Original Research

Best practice guidelines for the use of the assessment centre method in South Africa (5th edition)

Deon Meiring, Anne Buckett
SA Journal of Industrial Psychology | Vol 42, No 1 | a1298 | DOI: https://doi.org/10.4102/sajip.v42i1.1298 | © 2016 Deon Meiring, Anne Buckett | This work is licensed under CC Attribution 4.0
Submitted: 17 August 2015 | Published: 13 May 2016

About the author(s)

Deon Meiring, Department Human Resource Management, Economic Management Science, University of Pretoria, South Africa
Anne Buckett, Precision HR, University of Pretoria, Johannesburg, South Africa


Orientation: Assessment Centres (ACs) have a long and successful track record in South Africa when used for selection and development purposes. The popularity of the approach is mainly attributable to the ACs’ numerous strengths, which include the perceived fairness, practical utility and strong associations with on-the-job performance. To maintain the integrity of the AC, it is important for practitioners and decision makers to apply the method in a consistent and standardised manner.

Research purpose: The purpose of the report is to provide practitioners and decision makers with practical guidelines and concrete procedures when using ACs as part of the organisation’s human resource management strategy. Motivation for the study: The past decade has seen significant advances in the science and practice of ACs. Now in its fifth edition, the revised Guidelines seek to provide important information to practitioners and decision makers on a number of factors when used in conjunction with the AC method, namely, technology, validation, legislation, ethics and culture.

Main findings: The Guidelines provide specific suggestions and recommendations for using technology as part of the manner of delivery. Issues of culture, diversity and representation are also discussed. New features of the Guidelines include more concrete guidance on how to conduct a validation study as well as unpacking several ethical dilemmas that practitioners may encounter. Of critical importance is a position statement on the use of ACs in relation to new legislation (Employment Equity Amendment Act, Section 8, clause d) pertaining to psychometric testing.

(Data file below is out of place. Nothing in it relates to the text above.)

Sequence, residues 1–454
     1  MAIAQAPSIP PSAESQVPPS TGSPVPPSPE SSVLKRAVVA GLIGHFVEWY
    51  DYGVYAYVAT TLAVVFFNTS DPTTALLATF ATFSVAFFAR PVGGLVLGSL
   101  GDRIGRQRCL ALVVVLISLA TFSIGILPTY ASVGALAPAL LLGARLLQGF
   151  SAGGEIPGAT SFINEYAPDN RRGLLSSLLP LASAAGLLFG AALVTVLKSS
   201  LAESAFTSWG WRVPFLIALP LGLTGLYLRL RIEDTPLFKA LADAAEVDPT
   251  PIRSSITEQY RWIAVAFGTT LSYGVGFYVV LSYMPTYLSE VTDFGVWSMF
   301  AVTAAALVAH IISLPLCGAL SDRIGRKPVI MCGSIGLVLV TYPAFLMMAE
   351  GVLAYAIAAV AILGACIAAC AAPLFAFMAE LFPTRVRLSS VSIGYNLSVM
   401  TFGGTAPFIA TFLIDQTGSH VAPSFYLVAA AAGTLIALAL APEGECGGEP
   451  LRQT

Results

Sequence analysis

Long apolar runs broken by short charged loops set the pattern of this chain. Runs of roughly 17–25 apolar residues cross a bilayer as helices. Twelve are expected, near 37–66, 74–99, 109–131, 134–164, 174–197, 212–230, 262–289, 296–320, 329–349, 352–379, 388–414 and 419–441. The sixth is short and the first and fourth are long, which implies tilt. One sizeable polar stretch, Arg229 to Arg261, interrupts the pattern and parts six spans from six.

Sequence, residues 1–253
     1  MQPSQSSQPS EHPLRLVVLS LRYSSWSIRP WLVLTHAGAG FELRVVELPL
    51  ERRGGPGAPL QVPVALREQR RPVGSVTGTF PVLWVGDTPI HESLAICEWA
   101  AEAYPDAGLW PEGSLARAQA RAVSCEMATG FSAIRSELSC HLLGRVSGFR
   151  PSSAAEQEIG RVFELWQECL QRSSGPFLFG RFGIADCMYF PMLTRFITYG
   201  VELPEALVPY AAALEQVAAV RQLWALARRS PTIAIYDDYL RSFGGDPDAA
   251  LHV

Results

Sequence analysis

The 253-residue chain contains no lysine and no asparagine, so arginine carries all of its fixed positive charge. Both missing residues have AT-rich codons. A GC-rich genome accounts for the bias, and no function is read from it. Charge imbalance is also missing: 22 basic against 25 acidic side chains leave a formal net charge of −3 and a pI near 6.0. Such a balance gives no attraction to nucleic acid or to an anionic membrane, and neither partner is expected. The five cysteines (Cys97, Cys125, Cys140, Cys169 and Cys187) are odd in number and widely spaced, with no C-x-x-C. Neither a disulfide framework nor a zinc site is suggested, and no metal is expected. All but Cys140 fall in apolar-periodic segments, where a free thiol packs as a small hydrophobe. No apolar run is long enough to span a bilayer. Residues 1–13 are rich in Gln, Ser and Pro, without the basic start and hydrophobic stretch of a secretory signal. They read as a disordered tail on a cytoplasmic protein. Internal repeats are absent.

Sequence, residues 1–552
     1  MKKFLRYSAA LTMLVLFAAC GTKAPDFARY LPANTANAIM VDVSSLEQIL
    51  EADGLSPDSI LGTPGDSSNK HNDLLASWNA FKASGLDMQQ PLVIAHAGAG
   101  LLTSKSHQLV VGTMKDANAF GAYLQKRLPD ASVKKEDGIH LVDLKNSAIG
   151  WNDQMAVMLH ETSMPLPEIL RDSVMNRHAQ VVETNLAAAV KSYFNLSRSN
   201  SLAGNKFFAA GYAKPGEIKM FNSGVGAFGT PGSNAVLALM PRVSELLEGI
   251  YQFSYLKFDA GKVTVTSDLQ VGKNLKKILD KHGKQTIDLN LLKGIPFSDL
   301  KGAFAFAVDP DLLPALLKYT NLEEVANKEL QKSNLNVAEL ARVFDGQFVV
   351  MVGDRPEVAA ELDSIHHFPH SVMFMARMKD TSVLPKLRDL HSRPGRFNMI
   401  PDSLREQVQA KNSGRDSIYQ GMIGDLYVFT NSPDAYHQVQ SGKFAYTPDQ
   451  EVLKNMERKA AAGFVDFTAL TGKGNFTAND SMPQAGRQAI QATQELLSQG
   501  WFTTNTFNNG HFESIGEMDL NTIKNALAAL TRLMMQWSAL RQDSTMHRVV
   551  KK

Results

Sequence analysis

Practical/managerial implications: The Guidelines serve as a benchmark of best practice for practitioners and decision makers who intend on, or are currently, using ACs in their organisations.

Contribution/value-add: In the absence of formal standards governing the use of ACs in South Africa, the Guidelines provide an important step towards establishing standardisation in the use of the AC method. The Guidelines provide (1) guidance to industrial and organisational psychologists, organisational consultants, human resource management specialists, generalists and the Department of Labour, and others designing and conducting ACs; (2) information to managers deciding whether to introduce AC methods; (3) instructions to assessors taking part in the AC; (4) guidance on the use of technology and navigating diverse cultural contexts; and (5) a reference for professionals on best practice considerations in the use of the AC method.


Assessment Centres; Ethical Guidelines for Assessment Centres; Employment Equity Amendment Act (Act No. 47 of 2013, Section 8, clause d);


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